JYoung

Rosenberg: You are right. Sending out resumes is rarely enough even in the most prolific times. A good job search is a series of well-organized efforts run parallel. The typical methods by which individuals conduct a job search in the technology field when times are good are too passive. Certainly, the results may be acceptable, but the question remains: Did the individual do all that he or she could to identify the best possible job, or just the first possible job?

When advising candidates that are “actively looking,” I recommend they do numerous things during their search, including:
  1. Research and identify possible employers and send resumes to them.
  2. Network with other professionals in similar fields through user groups and professional associations.
  3. Interview and select a series of recruiters to aid in the search.
  4. Regularly scour advertisements and Web sites for opportunities.
  5. Maintain a diary of events during the search to track where resumes have been sent, where interviews were conducted, follow-up letters, etc.

Similarly, I stress the importance of getting on the phone. A resume can be a static and silent vehicle during your job search. During these times of hyper employment growth, internal HR pros are inundated with open positions to manage. Accordingly, it is very easy for the stacks of resumes to blend together. Yours may very well blend in at the bottom of the stack.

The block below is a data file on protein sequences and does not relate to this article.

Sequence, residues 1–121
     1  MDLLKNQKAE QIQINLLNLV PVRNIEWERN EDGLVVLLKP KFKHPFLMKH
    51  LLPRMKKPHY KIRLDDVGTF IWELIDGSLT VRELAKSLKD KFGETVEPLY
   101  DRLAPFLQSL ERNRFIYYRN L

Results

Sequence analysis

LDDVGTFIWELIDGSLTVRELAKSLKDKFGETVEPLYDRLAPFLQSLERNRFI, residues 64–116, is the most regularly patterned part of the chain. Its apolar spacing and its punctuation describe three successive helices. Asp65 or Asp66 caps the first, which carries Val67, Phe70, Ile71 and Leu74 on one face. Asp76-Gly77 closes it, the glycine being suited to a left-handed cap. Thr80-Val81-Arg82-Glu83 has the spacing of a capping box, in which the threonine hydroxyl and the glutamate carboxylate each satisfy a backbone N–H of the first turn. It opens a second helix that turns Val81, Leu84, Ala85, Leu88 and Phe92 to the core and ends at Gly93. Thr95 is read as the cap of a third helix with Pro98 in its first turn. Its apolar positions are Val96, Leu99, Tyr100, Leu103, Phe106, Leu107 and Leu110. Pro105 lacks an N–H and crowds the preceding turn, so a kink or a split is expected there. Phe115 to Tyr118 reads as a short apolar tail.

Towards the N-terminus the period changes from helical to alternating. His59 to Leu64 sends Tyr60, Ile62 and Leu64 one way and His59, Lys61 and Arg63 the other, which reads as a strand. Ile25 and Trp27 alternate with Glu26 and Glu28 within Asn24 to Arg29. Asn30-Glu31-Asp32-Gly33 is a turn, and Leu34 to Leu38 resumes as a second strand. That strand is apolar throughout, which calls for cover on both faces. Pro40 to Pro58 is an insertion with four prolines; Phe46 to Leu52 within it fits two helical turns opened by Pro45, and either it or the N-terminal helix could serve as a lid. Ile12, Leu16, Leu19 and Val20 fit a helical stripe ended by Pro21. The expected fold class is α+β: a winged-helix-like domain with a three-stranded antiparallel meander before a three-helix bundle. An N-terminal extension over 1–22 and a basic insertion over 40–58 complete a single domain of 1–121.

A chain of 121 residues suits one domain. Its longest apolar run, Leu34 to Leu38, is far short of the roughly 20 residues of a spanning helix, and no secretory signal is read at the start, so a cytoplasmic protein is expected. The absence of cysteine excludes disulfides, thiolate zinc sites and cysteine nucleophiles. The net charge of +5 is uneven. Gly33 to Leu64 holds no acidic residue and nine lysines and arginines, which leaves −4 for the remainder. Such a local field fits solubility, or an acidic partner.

In order to overcome this, a well-placed call to both the HR department and the person whom you believe to be the hiring manager is a great idea. Sure it may be assertive, but I’d rather hire the eager and assertive person than the person who is willing to wait.

If you are uncomfortable calling a CIO or Veep directly, a suggestion may be to call his or her administrative assistant (AA). The CIO’s AA, arguably among the most influential people in the department, can be an invaluable resource. Calling the AA, succinctly explaining your knowledge of an open position in the organization, your background and qualifications, as well as your interest, and coupling that with a request for their help in getting your resume in front of the “decision maker,” can make a world of difference. Good luck in your search.

Disclaimer
Remember, career decisions can be quite complex. This content is intended to be used at your own risk. The authors and editors have taken care in preparation of the content but make no expressed or implied warranty of any kind, and assume no responsibility for any problems that may be experienced.
Are your co-workers on your nerves? Is your boss a roadblock to advancement? Send Kevin your career questions or post a comment to this article. We can’t guarantee that he’ll answer your letter, but he reads each item and addresses the most common concerns in this column.